Gold futures fell the most in three weeks as pessimism on a U.S. budget resolution eroded demand for commodities. On the Comex in New York, gold futures for February delivery tumbled 1.5 percent to settle at $1,718.80 an ounce at 1:38 p.m., the biggest drop for a most-active contract since Nov. 2. In the first 30 seconds of floor trading, 7,700 contracts traded, according to PVM Futures Inc. The Standard & Poor’s GSCI Spot Index of 24 raw materials fell as much as 1.4 percent, erasing this year’s gain. Erskine Bowles, the co-chairman of President Barack Obama’s 2010 fiscal commission, said that a deal with Congress to avert the so- called fiscal cliff is unlikely by the end of this year. “There’s ‘risk-off’ trading, and behind that is talk of the fiscal cliff becoming more of a reality than people had thought,” Harry Denny, a broker at Hoboken, New Jersey-based PVM, said in a telephone interview. “The fiscal-cliff resolution has everyone a little cautious.”
An estimated 437,259 futures contracts traded as of 2:26 p.m. Total volume rose to a record 484,721 on May 29. Through yesterday, the daily average was 176,000 this year. Floor trading starts at 8:20 a.m. The most-traded gold options yesterday were bets on further price drops. Exchange data show 9,573 put options traded, giving owners the right to sell at $1,700 on the Comex by January. That compares with 461 contracts a day earlier. Each contract is for 100 ounces. The next-most-traded contracts were January puts giving owners the right to sell at $1,690 and at $1,695.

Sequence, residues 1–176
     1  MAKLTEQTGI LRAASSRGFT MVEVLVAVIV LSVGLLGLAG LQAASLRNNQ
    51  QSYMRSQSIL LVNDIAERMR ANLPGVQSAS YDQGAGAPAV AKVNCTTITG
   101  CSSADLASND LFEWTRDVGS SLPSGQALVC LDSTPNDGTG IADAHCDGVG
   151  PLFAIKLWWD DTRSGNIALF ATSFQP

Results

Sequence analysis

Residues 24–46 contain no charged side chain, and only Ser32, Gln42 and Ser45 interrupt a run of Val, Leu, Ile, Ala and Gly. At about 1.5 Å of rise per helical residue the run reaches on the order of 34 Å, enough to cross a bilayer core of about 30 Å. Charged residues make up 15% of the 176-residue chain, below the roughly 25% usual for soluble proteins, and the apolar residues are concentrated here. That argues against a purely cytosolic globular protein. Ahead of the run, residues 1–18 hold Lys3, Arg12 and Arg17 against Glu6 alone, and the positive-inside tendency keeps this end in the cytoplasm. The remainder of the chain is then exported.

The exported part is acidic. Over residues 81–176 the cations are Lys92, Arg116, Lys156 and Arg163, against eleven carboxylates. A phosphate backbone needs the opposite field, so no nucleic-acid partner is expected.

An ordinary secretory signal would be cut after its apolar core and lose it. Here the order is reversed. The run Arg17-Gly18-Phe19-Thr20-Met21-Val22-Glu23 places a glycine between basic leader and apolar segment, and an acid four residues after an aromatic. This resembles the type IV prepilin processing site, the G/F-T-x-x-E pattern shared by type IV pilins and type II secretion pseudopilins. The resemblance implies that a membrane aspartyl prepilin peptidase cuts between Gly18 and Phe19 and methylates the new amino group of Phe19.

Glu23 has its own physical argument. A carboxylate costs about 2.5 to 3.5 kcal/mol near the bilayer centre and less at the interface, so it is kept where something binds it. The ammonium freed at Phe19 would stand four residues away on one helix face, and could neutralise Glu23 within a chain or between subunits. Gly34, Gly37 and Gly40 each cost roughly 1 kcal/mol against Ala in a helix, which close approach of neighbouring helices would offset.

Silver Market Recap Report (CME)
December silver also started out waffling around both sides of unchanged with the bear camp appearing to have only moderate control. However, in the wake of a sharp downside breakout in gold prices, silver and a host of physical commodity markets came under pressure and the press was quick to blame the slide on ideas that certain members of Congress felt that going off the fiscal cliff was probably in the cards. However, the president was hopeful that a deal could be seen before Christmas and that might have stemmed the slide in silver today.

Gold Market Recap Report (CME)
The gold market waffled around both sides of unchanged early in the session before a wave of selling entered gold and then seemingly spilled over into other physical commodity markets. Some players blamed the lack of fiscal cliff progress undermined gold and other commodities but if that was the focus of the trade one might have expected gold to have bounced more significantly into the President's White House Press conference. In fact, equities rallied off a wave of fiscal cliff hopes but yet gold remained within striking distance of its lows. At times today, adverse currency market action undermined gold, but currency action didn't seem to be the primary catalyst for the gold dive today.

No comments: